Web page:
Chapter 13 Bankruptcy
Chapter 13 Bankruptcy
Chapter 13 is the second most common type of bankruptcy, and you may have heard it referred to as the “debt reorganization bankruptcy.” Under Chapter 13 you pay your disposable income into the bankruptcy for three to five years while retaining your property, and at the end you receive relief from your debts.
Chapter 13 can be used to save a home from foreclosure, pay substantial tax obligations, consolidate payments to creditors, and discharge divorce debts (Not including alimony and child support).
Chapter 13 bankruptcy is rarely easy, but here at Yellowstone Bankruptcy we strive to simplify the process and help clients avoid some legal traps that can prevent you from completing the case.
Some advantages Chapter 13 bankruptcy:
- Consolidate your debts into a manageable payment plan.
- Pay your debts within 3-5 years.
- Avoid foreclosure.
What is a Chapter 13 Bankruptcy?
In a Chapter 13 you pay your creditors a portion of your future earnings for 3 to 5 years and in exchange the court orders your creditors to permanently stop all collections on the unpaid portions of those debts.
Price for a Chapter 13 Bankruptcy?
To draft and file a Chapter 13 bankruptcy we charge $2,000.00 which includes all fees and costs except the bankruptcy court’s filing fee which is presently $313.00. For work performed after the bankruptcy is filed we charge $2,500.00 which is paid by the Bankruptcy Trustee from monies paid into the plan.
Are some debts not effected by Chapter 13 bankruptcy?
Not all debts are discharged in bankruptcy however a Chapter 13 will discharge more categories of debt than a Chapter 7. Types of debts that are dischargeable in a Chapter 13 but not in a Chapter 7 are:
- Obligations to pay debts under a decree of divorce (excluding domestic support obligations)
- Debts for willful and malicious injury to property (not a person);
- Debts that could have been but were not discharged in a prior bankruptcy;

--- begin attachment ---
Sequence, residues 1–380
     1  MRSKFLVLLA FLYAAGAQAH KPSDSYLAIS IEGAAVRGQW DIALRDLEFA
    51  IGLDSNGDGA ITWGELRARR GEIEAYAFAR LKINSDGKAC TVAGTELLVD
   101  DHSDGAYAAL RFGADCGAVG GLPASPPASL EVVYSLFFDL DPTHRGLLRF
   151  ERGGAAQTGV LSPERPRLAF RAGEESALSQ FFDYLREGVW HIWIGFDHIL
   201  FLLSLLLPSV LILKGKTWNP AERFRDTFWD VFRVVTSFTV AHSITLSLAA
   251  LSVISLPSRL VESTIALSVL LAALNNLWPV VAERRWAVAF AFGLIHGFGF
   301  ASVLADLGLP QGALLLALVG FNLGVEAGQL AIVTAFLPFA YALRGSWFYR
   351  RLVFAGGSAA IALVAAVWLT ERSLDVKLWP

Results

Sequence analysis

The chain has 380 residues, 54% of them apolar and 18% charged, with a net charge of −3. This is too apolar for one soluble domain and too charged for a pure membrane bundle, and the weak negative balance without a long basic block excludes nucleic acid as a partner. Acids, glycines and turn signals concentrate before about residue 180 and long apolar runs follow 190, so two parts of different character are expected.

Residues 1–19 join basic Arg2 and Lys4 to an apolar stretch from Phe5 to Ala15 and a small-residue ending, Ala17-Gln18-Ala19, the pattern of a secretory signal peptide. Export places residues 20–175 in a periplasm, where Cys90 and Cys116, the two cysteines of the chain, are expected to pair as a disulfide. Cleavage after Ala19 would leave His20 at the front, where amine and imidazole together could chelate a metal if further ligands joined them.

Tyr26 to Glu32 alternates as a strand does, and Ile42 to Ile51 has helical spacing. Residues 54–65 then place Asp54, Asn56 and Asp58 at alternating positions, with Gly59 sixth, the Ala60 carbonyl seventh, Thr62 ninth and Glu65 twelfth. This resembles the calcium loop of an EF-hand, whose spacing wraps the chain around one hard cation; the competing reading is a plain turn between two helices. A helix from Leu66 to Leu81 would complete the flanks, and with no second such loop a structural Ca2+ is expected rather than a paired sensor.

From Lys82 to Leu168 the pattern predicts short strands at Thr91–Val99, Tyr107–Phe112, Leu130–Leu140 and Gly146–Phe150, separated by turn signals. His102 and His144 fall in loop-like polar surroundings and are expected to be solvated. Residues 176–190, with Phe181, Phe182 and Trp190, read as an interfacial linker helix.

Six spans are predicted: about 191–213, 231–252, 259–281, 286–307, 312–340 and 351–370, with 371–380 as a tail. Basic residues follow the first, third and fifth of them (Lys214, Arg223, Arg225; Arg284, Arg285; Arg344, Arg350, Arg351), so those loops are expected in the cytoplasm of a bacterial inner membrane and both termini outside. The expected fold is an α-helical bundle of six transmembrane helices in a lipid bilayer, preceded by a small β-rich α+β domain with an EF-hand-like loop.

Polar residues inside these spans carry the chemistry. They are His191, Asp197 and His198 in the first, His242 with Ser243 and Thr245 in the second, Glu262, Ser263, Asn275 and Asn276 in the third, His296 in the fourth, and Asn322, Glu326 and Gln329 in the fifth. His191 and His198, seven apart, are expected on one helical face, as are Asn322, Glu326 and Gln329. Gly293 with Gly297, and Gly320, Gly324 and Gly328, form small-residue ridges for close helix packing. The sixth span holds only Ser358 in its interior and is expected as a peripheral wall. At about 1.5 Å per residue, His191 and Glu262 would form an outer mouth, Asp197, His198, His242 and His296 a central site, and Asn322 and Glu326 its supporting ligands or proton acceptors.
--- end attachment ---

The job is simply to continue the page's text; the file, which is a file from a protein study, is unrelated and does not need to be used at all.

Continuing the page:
- Condominium or cooperation association fees.
(Also note that unlike a Chapter 7 bankruptcy, home mortgages are not dischargeable in a Chapter 13.)
When must I pay the attorney fee?
A nonrefundable $500.00 down payment is required to commence our representation, however we are precluded from drafting your bankruptcy forms or filing your case until the remaining balance is paid in full. The down payment is designed to cover the information gathering portion of our representation and allow you to direct your creditor communications to our office. The balance of the fee must be paid in full within 6 months of the initial fee.
How can I pay my fees?
We accept all forms of payment including credit card, debit card, certified checks, personal checks or check-by-phone. We can accept credit cards only from third parties such as parents or friends who are paying your bankruptcy fees. If you choose to pay with a debit card or if a third party pays with a credit card, we charge an additional 2% processing fee.
How long will a Chapter 13 bankruptcy take?
The length of a Chapter 13 bankruptcy is three years if your household income is less than Median Income and five (5) years if above Median Income. See GENERAL BANKRUPTCY INFO tab above for definitions for Household Income and Median Income.